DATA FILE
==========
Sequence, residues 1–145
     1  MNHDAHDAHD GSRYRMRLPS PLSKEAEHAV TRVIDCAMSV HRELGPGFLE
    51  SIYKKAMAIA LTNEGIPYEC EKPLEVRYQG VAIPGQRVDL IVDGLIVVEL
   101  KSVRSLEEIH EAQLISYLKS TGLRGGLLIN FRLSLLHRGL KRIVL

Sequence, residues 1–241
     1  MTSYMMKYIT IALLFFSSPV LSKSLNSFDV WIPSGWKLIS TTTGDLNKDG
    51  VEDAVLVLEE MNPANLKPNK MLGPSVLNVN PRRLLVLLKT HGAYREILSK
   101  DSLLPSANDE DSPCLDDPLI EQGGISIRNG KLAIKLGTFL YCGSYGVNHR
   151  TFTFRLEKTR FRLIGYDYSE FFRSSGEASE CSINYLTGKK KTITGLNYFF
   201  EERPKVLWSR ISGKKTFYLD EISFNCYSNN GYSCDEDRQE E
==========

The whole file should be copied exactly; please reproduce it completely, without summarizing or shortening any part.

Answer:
Sequence, residues 1–145
     1  MNHDAHDAHD GSRYRMRLPS PLSKEAEHAV TRVIDCAMSV HRELGPGFLE
    51  SIYKKAMAIA LTNEGIPYEC EKPLEVRYQG VAIPGQRVDL IVDGLIVVEL
   101  KSVRSLEEIH EAQLISYLKS TGLRGGLLIN FRLSLLHRGL KRIVL

Sequence, residues 1–241
     1  MTSYMMKYIT IALLFFSSPV LSKSLNSFDV WIPSGWKLIS TTTGDLNKDG
    51  VEDAVLVLEE MNPANLKPNK MLGPSVLNVN PRRLLVLLKT HGAYREILSK
   101  DSLLPSANDE DSPCLDDPLI EQGGISIRNG KLAIKLGTFL YCGSYGVNHR
   151  TFTFRLEKTR FRLIGYDYSE FFRSSGEASE CSINYLTGKK KTITGLNYFF
   201  EERPKVLWSR ISGKKTFYLD EISFNCYSNN GYSCDEDRQE E